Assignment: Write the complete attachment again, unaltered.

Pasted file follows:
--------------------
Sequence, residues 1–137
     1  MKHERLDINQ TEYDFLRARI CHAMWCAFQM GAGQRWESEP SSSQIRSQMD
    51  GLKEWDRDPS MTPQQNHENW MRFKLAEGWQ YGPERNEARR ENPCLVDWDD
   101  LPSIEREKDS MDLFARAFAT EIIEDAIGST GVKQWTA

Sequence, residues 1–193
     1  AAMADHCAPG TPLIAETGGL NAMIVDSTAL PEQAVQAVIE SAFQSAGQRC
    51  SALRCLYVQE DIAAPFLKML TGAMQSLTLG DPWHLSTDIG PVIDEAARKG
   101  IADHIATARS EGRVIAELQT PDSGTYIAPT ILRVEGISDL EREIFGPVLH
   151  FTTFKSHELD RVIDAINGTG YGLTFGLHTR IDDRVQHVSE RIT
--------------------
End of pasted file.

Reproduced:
Sequence, residues 1–137
     1  MKHERLDINQ TEYDFLRARI CHAMWCAFQM GAGQRWESEP SSSQIRSQMD
    51  GLKEWDRDPS MTPQQNHENW MRFKLAEGWQ YGPERNEARR ENPCLVDWDD
   101  LPSIEREKDS MDLFARAFAT EIIEDAIGST GVKQWTA

Sequence, residues 1–193
     1  AAMADHCAPG TPLIAETGGL NAMIVDSTAL PEQAVQAVIE SAFQSAGQRC
    51  SALRCLYVQE DIAAPFLKML TGAMQSLTLG DPWHLSTDIG PVIDEAARKG
   101  IADHIATARS EGRVIAELQT PDSGTYIAPT ILRVEGISDL EREIFGPVLH
   151  FTTFKSHELD RVIDAINGTG YGLTFGLHTR IDDRVQHVSE RIT